author: Rajendra Bhatt - rajbex[pic]yahoo.com
This project describes how to make a digital voltmeter using a PIC microcontroller. A HD44780 based character LCD is used to display the measured voltage. The PIC microconotroller used in this project is PIC16F688 that has 12 I/O pins out of which 8 can serve as analog input channels for the in-built 10-bit ADC. The voltage to be measured is fed to one of the 8 analog channels. The reference voltage for AD conversion is chosen to be the supply voltage Vdd (+5 V). A resistor divider network is used at the input end to map the range of input voltage to the ADC input voltage range (0-5 V). The technique is demonstrated for input voltage ranging from 0-20 V, but it can be extended further with proper selection of resistors and doing the math described below. Circuit Diagram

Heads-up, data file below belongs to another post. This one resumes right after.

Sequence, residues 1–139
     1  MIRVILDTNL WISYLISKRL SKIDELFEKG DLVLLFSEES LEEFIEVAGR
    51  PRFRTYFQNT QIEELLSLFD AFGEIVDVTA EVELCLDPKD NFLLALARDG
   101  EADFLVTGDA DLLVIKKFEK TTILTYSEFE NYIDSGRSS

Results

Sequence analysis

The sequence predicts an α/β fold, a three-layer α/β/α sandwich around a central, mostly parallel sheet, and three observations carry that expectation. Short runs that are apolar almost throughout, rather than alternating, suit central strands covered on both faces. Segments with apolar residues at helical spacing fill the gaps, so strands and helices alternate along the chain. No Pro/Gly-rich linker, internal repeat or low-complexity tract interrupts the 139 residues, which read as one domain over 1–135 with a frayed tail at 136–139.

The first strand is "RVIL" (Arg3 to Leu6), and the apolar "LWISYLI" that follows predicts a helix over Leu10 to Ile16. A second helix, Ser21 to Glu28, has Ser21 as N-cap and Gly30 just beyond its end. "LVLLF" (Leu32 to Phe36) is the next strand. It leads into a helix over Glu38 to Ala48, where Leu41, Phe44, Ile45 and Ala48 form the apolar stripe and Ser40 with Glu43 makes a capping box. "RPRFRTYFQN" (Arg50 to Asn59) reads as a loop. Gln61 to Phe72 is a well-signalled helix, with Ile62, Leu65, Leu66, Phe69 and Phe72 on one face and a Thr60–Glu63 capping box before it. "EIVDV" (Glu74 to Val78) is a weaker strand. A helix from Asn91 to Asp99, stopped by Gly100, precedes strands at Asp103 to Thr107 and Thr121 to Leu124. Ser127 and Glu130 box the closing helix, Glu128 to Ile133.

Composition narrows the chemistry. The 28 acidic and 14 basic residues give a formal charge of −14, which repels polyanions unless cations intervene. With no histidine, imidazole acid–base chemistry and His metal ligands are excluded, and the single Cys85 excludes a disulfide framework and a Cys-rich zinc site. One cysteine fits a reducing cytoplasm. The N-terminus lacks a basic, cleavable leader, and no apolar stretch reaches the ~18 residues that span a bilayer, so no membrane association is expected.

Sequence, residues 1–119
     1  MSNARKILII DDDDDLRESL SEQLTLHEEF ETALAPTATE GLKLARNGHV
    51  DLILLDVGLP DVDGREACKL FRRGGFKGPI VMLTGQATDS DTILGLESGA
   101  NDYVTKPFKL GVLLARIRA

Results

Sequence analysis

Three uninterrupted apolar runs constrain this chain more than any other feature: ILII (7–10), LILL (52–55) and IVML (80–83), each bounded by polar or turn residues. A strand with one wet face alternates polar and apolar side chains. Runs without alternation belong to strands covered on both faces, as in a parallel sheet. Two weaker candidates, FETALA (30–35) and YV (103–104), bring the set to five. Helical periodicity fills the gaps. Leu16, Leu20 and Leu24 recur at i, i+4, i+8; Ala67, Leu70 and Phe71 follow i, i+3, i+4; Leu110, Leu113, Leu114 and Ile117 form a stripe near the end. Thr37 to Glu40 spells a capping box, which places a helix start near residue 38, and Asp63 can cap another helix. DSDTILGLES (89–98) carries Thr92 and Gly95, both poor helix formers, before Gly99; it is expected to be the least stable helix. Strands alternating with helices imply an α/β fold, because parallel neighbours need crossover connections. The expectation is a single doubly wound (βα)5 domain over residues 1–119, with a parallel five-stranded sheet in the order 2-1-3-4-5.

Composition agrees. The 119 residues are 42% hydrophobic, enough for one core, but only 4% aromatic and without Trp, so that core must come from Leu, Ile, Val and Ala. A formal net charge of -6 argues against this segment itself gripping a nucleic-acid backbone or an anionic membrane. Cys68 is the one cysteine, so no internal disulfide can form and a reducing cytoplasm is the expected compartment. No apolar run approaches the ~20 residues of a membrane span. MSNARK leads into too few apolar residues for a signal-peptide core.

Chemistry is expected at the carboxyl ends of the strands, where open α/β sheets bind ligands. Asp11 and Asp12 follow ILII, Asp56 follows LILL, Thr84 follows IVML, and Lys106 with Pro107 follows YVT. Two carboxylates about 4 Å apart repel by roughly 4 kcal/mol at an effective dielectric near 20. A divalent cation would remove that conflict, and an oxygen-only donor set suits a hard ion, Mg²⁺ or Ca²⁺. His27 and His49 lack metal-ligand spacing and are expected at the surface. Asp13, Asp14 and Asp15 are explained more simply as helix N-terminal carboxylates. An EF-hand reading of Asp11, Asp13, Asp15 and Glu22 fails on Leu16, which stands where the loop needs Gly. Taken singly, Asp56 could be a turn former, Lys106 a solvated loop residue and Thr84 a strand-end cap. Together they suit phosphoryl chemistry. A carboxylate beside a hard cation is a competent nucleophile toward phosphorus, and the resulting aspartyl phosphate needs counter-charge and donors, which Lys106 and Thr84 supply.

Since the PIC port cannot take 20V input directly, the input voltage is scaled down using a simple resistor divider network. The resistors R1 and R2 scale down the input voltage ranging from 0-20V to 0-5V, before it is applied to PIC16F688’s analog input channel, AN2. A 5.1V zener diode connected in parallel between the port pin AN2 and the ground provides protection to the PIC pin in case the input voltage accidentally goes beyond 20V. The LCD display is connected in 4-bit mode, and the ICSP header makes the firmware development easier as you can reprogram and test the PIC while it is in circuit. When you are satisfied and want to transfer the circuit from the breadboard to a PCB or general-purpose prototyping board, you don’t need the ICSP header. The circuit diagram and the prototype built on a breadboard are shown below. [pic]
Important: You need a regulated +5V supply for accuracy of the output. The ADC uses Vdd as the reference for conversion, and all computations are done with Vdd = 5V. You can get a regulated +5V using a LM7805 linear regulator IC.
Circuit made on breadboard...